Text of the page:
Thursday, By Appointment

In the beginning, we’d established Michigan Hot Sauce Club hours based on stock deliveries and peak times the mall was busiest. Thursday, Friday, Saturday.

Thursday was the day devoted to store-keeping. Parked in the fire-engine red and glittered, padded vinyl office chair behind the display counter, Jeff would scan new items into the register. Then, price label the goods, and find appropriate alphabetical space for each.

Not long in, we determined Thursday wasn’t going to be a big sale day. We downgraded to Thursday afternoon. Pretty quickly, realizing weekday sales were still rare, we decided to advertise, “Friday, Saturday, and Thursday by Appointment.”

I’d put the fear in him that check-ins were required, twice a day, or I’d freak out. That came about in response to a few incidents. One, notably, the time a physical therapist showed up for a home visit, and it appeared Jeff wasn’t home. After ringing the doorbell, knocking on the front and side doors, and phoning him, she called me.

She’d already looked in the front window and the office window. I asked her to please go around the side and peer into the den window by his chair. Thankfully, she did, reporting that she had knocked on the window and he hadn’t moved.

I begged her to, please, knock harder – as hard as she could. I told her I didn’t care if the siding was damaged or if the windowpane cracked. She whomped a few heavy-handed hits. That did the trick. Jeff’d been deep-sleep reclining in just his underwear.

Later, told me how embarrassed he was. I was more concerned that he’d missed the doorbell, the knocking and the phone ringing. I told him that he’d given me a panic attack. From here out, I demanded he always have his phone on the loudest setting possible, and that he keep it with him, at all times.

“Even in the bathroom?” Jeff joked, good-naturedly, rolling his eyes when I answered with an emphatic, “Yes!” I, also suggested, he should always be wearing pants or shorts. At all times. Especially, when he had appointments.

Thursday, September 29, 2006.

I worriedly called Jeff on my break at work. It was almost 10:00 am, and I hadn’t heard from him, yet.

It took me two, long-ringing tries to get him on the phone. When he answered, I immediately asked him, “Where were you?” “Morning constitution!” he quipped.  He told me he wasn’t “feelin’ too great,” and asked if I thought it would be ok if he took the new stuff down to the store on Friday.

I didn’t see a problem with that. We hadn’t had a Thursday sale in quite some time, and Friday mornings weren’t setting our profits on fire, either.

Jeff did end up bringing the boxes down that day, after lunch. He said he’d just had to force himself to “get on the giddy-up.”

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Dog Gone, Repeat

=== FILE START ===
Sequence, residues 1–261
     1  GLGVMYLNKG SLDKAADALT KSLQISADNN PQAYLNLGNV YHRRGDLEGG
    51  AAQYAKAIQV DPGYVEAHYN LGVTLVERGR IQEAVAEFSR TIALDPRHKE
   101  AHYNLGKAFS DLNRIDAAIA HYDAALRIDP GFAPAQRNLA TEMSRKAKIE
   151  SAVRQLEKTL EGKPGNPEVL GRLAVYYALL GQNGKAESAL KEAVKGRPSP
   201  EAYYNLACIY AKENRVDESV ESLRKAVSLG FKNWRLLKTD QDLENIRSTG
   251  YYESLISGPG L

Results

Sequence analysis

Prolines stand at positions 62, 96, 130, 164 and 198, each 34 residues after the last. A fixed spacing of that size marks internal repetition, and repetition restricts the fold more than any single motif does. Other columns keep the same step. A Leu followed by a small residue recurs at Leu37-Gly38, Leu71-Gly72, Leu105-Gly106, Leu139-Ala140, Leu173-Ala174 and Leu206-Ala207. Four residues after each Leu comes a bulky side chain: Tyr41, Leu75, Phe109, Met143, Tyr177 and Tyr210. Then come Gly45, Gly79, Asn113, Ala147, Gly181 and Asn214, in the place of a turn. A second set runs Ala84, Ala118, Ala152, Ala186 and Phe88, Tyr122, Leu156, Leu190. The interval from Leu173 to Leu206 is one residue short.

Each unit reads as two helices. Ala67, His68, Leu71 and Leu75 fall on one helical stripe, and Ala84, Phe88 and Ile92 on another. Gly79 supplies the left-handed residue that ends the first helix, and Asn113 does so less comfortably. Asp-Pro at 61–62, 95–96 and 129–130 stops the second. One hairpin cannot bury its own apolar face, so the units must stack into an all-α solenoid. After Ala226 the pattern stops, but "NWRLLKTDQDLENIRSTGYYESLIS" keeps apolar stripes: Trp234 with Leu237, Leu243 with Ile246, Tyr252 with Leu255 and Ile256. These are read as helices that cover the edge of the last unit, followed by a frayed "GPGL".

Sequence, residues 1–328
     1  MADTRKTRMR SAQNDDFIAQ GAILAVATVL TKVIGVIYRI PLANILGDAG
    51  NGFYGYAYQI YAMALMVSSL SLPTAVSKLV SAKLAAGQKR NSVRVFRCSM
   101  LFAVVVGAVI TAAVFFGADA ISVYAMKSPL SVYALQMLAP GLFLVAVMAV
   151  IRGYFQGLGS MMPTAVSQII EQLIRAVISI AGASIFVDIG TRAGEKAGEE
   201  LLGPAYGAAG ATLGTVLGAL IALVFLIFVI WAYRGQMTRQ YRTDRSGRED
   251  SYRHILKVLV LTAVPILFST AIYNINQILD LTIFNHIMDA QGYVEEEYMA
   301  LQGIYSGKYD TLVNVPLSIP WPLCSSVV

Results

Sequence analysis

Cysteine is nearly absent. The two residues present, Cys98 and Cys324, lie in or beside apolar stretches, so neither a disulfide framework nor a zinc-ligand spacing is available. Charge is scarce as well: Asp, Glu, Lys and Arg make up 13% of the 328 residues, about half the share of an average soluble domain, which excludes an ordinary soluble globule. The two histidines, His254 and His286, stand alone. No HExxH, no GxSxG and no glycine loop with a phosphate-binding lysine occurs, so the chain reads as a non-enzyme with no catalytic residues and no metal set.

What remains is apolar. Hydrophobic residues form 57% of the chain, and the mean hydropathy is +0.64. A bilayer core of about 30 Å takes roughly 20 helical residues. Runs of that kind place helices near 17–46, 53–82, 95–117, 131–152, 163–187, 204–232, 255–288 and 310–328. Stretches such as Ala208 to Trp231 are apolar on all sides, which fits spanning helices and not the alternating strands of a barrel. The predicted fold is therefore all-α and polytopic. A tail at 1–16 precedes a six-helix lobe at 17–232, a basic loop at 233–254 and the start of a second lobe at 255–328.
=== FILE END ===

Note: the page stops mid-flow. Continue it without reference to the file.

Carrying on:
It was more than a little bit my fault. I was going for the mail, when our mischievous little bit darted through the door on a Saturday afternoon. She silently slipped behind me, which was amazing, as she was an unusually heavy-footed pup. Stealth really wasn’t her style.

Sadie had slyly wedged herself against me as I  turned the door knob. I looked down at her adorable face and foolishly said, “Stay.” I don’t know why I thought that would work. Never had in the past.

She took it as an invitation to tag along. Sadie pushed through the slight crack, pranced down the drive, t turned a hard right without hesitation.

By the time I got to the street edge, she was out of my sight. I forcefully bellowed her name, hoping she’d hear me. It’s safe to assume most of the neighbors heard me, because Jeff showed up at the door.

Coming out of the house, he called down to me. “Why’re you calling her? Is she with you?”

I wailed the obvious. “No! She ran away!” Then, quickly requested, “You try calling her!”

Instead, Jeff did an about-face and headed back inside. “Let me get my shoes!” he tossed back-over his shoulder.

“Ugh! You don’t need shoes to shout!” I shouted, as the door closed behind him.

Left on my own, I started scouting for Sadie. Within seconds, I spotted her sneaky spots squeaking between two houses on the other side of the street. I headed that direction, only hesitating to glance toward the house when I heard the front door slam, again.

Jeff had wandered back outside, with a firm grip on his car keys and slippers on his feet.

Sadie heard the slam, too. She took off at a sprint, again, heading around the curved corner of our street.

“Argh! I think she’s just gone around the corner!” I informed my husband, assuming he was going to track her down by circling the neighborhood.

He didn’t. Instead, he just stood there next to our old beige Buick, repeatedly hitting the lock button. I surmised he was just having some sort of bumble trouble. But, I was wrong.

The car horn beep-blasts served as a Sadie beacon. She showed up panting and smiling. Just sat her cute little butt down by the driver’s door. Ready and waiting, eagerly watching Jeff.

“Whelp….’ Jeff tossed the keys from one palm to the other. “We need to go for a ride, now.”